How Black Lives Matter Boston Got Hillary Clinton to Open Up About Race

Massachusetts activist Daunasia Yancey and her compatriots planned to publicly confront Clinton this week in New Hampshire. Instead, they got a private audience—and an admission they didn’t expect.

On Tuesday, Black Lives Matter Boston—in the persons of Daunasia Yancey, Julius Jones, Vonds Duboisson, and their allies Britni de la Cretaz and MJ Malisz—found themselves shut out of a Hillary Clinton campaign stop in Keene, New Hampshire. The event was billed as a “community forum on substance abuse,” and the group had driven up from Massachusetts to publicly question the candidate about her stance on drug laws they describe as “anti-black.”

But when they arrived at Keene Middle School, the Secret Service wouldn’t let them in.

“They said [the event] was filled to capacity,” Yancey recalls.

Stuck outside, the group tried to decide what to do. Just then, CNN producer Dan Merica caught sight of them from inside the building.

“He tapped on the window and beckoned me over,” Yancey says. Then, she says, he pulled up our profile of Yancey on his phone. He pointed to the screen, then her: Is that you?

When Yancey confirmed her identity, he started tweeting: “The doors to HRC’s event have been closed by USSS due to capacity, per an aide. That means the #BlackLivesMatter protesters won’t get in.”

Shortly thereafter, the five activists were escorted inside.

Yancey, a local activist since 13, grew up as a Hillary fan.

“When I was younger, I respected her as a political leader, as a woman and a feminist,” she says. “As I’ve gotten older, I’ve been able to see beyond ‘Oh my god, she’s a woman in the White House.’ She’s actually advocated for some extremely harmful policies”—such as draconian drug laws, harsh welfare policies and a hawkish foreign policy, Yancey says.

Still, she says, Clinton’s stature is undeniable, and her opinions have weight.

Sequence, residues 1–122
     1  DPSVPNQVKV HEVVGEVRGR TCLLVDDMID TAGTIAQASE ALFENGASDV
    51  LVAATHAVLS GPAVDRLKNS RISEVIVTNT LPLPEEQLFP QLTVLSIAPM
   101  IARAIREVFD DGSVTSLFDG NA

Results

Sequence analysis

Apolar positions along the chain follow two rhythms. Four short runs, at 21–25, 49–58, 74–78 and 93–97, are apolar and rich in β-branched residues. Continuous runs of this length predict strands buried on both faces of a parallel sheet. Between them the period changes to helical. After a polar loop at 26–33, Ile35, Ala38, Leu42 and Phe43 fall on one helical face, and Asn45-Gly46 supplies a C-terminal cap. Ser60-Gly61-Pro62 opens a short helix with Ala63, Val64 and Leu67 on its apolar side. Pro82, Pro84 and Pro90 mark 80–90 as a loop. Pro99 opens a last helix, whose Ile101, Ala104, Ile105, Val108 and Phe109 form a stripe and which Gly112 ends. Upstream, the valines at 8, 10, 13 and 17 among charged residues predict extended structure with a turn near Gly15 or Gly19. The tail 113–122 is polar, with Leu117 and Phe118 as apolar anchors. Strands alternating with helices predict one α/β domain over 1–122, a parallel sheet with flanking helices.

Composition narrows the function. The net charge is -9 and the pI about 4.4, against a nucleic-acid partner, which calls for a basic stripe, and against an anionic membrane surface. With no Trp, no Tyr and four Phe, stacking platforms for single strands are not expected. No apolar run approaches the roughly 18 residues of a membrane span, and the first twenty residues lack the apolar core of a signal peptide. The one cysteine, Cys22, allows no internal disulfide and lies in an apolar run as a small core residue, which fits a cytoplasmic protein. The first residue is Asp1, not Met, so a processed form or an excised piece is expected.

“Hillary Clinton’s feelings about black people matter a lot,” Yancey says. “A lot of white peoples’ feelings don’t matter—you can legislate your way around them. But Hillary Clinton’s feelings about black people and anti-blackness and white supremacy matter a lot … more than most people in the world.”

On Tuesday, as Yancey’s group watched Clinton’s panel discussion from an “overflow room,” an aide approached them and asked if they wanted to speak with the candidate during a photo session afterward. This hadn’t been the group’s plan; they had intended to question Clinton publicly, Yancey says. And they definitely didn’t want a grip-and-grin photo op. But because of how tight security was, “We decided the most productive route was to take the opportunity being offered and talk to her.”

They had only a few moments to discuss their strategy before they were face-to-face with Clinton.  The discussion that followed surprised them in its frankness, Yancey says.

“She clearly went off-script,” she says. “She engaged.”

The discussion started with the Black Lives Matter activists asking Clinton about her previous support for tough drug laws that have lead to disastrously high incarceration rates for people of color. Clinton has distanced herself from these policies since then. But Yancey says the group still wanted to sound Clinton out to see if she was sincere.

“What we were looking for was a personal reflection on where she has moved on those issues,” she says. “We wanted a personal, emotional side.”

Clinton freely conceded that 1990s-era tough-on-crime policies hadn’t worked, Yancey recalls. But when Jones pressed her further on her personal feelings, “her body language changed, her voice changed,” Yancey says. “Boom! It was powerful, energetically. You could feel that she got upset.”

Clinton’s argument, Yancey says, was for pragmatism and realpolitik.

“What she said was partially true, that we’re not going to change all hearts and minds about anti-blackness and white supremacy,” Yancey says. She remembers Clinton saying, “I have to be able to package it and be able to sell it in politics.”

“It was weird for me that she said that out loud,” Yancey adds. “It was almost like a white person being like, ‘Oh no, I get the f—kery, but I can’t tell America that they’re racist as f—k.’ I think we got a very different conversation than if media was there.”

Yancey said she was glad to hear Clinton speak so plainly, even if they don’t see eye to eye.

“Our action was directly about her personal impact, beyond the politics,” she says. “But she’s played that game for a thousand years.”